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Most of the photos on this site were extracted from reference images (high-resolution tiffs, 20 to 200 megabytes in size) from the Library of Congress research archive. (To query the database click here.) Many were digitized by LOC contractors using a Sinar studio back. They are adjusted by your webmaster for contrast and color in Photoshop before being downsized and turned into the jpegs you see here.

 
 
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VINTAGRAPH • WPA • WWII • VOLUNTEER FOR VICTORY

A House on the Water: 1895

A House on the Water: 1895

"Minot's Ledge Lighthouse, Boston, c. 1890-1899." A good design for those vacation home owners (and lighthouse keepers) averse to weekend guests or pizza circulars on the doorstep. Detroit Publishing Co. glass negative. View full size.

 

Two sets of Texas

I should have caught this two years ago, but...

There were also six "Texas tower" lighthouses, all on the east coast. Two were run over by ships; the only survivor is Chesapeake Light at the mouth of the bay.

Texas Towers

Just a clarification: The Texas Towers were not lighthouses, but early warning radar stations built by the air force in the 50's. There were three of them, the most famous being the one off the NJ coast which was destroyed and sunk in a storm in 1961. The wreckage of Texas Tower is a fishing hotspot, attracting many species.

I love "Three Skeleton Key"!

I never read the story but I HAVE heard the radio shows. In addition to being a Zorrophile, I love old-time radio. Is there any way to connect with the people who comment on this site? like a message board or something? that one pic CGW submitted of the lighthouse with the waves crashing is simply amazing, too. Thank you, Shorpy Higginbotham, for without you, where would this world be?

[Registered users who are logged in can contact any other registered user by clicking on the person's username, then clicking the "contact" tab. - Dave]

The Lighthouse

A detailed account of this light's construction and operation. It's still standing, but has been operated automatically since the late 40's, and run on solar power since 1983.

Amazing

What intrigues me most of these pictures is the ingenuity and sheer determination it must have taken to build those structures in small rock outcrops only exposed during low tide. Must have been some really grueling working conditions, particularly because, given the place and the time, I assume the most they could have used were some steam cranes to lift the blocks, mounted on barges or something like that; must have been a very labor-intensive proposition.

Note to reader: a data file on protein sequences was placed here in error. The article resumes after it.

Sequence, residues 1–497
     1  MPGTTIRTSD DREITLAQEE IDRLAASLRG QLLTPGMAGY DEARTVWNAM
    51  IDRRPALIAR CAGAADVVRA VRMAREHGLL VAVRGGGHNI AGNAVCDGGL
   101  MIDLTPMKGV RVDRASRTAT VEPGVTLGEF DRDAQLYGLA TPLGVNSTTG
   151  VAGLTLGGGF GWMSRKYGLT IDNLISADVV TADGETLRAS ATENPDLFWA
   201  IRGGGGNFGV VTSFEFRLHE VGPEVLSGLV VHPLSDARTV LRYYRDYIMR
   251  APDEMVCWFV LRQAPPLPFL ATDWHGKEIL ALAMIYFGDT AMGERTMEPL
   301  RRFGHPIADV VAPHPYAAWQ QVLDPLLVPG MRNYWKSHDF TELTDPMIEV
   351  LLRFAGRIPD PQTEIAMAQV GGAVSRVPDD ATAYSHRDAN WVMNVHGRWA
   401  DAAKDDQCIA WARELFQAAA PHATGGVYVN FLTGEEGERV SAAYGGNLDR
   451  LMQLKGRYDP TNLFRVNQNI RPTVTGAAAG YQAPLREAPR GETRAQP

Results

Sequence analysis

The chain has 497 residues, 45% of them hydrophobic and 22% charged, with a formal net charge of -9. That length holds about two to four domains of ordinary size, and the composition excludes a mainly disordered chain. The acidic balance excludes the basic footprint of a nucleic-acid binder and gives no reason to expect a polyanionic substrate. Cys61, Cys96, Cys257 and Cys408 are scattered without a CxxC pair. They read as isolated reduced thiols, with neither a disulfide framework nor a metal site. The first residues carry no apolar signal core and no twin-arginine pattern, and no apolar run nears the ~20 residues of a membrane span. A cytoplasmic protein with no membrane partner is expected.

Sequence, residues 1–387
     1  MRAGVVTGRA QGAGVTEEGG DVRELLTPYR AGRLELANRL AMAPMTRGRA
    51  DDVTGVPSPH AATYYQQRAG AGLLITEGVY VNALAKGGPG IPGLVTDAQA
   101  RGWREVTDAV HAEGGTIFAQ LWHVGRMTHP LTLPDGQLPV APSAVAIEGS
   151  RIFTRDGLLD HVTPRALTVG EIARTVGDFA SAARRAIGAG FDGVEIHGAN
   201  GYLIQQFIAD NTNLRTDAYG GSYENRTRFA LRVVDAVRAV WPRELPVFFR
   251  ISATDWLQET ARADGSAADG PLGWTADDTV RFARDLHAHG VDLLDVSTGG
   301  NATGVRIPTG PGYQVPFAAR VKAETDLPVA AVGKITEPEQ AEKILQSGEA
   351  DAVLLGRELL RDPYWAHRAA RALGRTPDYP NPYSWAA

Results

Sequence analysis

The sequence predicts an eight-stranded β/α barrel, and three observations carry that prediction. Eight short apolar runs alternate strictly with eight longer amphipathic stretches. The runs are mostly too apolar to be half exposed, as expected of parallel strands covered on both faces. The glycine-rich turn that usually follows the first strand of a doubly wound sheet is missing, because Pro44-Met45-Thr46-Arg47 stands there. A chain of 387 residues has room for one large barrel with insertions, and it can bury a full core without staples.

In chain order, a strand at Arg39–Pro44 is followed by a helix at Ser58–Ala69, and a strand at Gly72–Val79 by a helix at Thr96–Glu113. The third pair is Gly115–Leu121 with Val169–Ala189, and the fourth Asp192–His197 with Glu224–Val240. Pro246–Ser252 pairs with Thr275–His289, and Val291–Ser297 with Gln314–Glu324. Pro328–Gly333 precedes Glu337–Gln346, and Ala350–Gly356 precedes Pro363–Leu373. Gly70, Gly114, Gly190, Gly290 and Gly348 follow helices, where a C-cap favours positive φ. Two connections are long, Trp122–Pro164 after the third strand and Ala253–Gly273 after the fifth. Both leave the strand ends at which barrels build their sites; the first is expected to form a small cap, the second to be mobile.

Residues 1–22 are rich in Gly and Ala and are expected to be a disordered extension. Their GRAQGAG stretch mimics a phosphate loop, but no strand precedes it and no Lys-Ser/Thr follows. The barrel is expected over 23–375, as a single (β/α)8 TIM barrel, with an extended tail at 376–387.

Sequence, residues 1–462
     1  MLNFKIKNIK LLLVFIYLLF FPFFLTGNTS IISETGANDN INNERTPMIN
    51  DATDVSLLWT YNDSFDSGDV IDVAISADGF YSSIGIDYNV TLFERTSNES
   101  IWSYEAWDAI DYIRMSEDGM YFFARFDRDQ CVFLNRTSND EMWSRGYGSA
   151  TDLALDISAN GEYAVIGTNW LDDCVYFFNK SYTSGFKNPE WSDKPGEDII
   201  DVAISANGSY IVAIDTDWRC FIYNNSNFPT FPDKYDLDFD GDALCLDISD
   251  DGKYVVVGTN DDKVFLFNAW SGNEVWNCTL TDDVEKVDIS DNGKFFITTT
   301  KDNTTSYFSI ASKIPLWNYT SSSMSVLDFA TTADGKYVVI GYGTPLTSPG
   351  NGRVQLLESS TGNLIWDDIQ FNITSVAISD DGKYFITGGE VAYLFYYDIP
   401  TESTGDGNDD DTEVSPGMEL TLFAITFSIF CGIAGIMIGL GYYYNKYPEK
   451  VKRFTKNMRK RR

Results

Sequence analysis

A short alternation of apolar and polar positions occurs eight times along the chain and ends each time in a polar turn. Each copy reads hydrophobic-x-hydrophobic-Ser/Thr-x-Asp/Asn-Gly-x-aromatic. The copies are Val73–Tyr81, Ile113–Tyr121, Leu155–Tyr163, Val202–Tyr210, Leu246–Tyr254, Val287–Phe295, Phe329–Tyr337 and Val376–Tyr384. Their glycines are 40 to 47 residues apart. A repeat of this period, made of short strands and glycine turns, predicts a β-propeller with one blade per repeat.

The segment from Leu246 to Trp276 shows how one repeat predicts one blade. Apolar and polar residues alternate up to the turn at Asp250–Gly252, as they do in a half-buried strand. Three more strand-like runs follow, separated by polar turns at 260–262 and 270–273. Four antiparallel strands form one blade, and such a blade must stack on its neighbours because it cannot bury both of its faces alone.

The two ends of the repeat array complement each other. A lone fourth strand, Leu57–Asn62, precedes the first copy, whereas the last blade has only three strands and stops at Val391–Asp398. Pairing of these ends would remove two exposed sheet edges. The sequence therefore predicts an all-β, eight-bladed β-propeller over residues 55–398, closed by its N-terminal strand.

And still, the value of those structures go beyond the risk and the costs of their construction. I wonder if this lighthouse still exists, and if it still operates, what it uses as energy source: its own batteries? or a gasoline-powered generator?

As always, an amazing and thought-inducing photo, thanks for sharing!

Three Skeleton Key

I love how there's a boat at the very top, probably 50 feet above the current waterline. I can't quite figure out how you'd get it down to sea level, 50 feet below--must be nervewracking!!

Anybody ever read the story "Three Skeleton Key", about a lighthouse and a ship full of rats? It was dramatized on radio several times in the 40s and 50s, on "Escape" and "Suspense", once starring Vincent Price. You'll never look at lighthouses the same way again after hearing that one ...

Try and talk the moving company...

...into hauling your king size mattress and your upright piano up THAT front steps!

Best Yet

Thanks to Bob A and CGW, and you of course, this is enough to make me give up sailing. What courage it must have taken to live and work under these conditions.

Minot's Ledge

More here.

And if you REALLY want to chase them away...

... show them this one:

This is one of the most exposed lighthouses in the US (besides the "Texas Towers", which are almost all gone now) and I believe the only one built using the interlocking open water technology used for the Eddystone Light (most such US lights used caissons).

 
THE 100-YEAR-OLD PHOTO BLOG
Shorpy.com | History in HD is a vintage photo blog featuring thousands of high-definition images from the 1850s to 1950s. The site is named after Shorpy Higginbotham, a teenage coal miner who lived 100 years ago.

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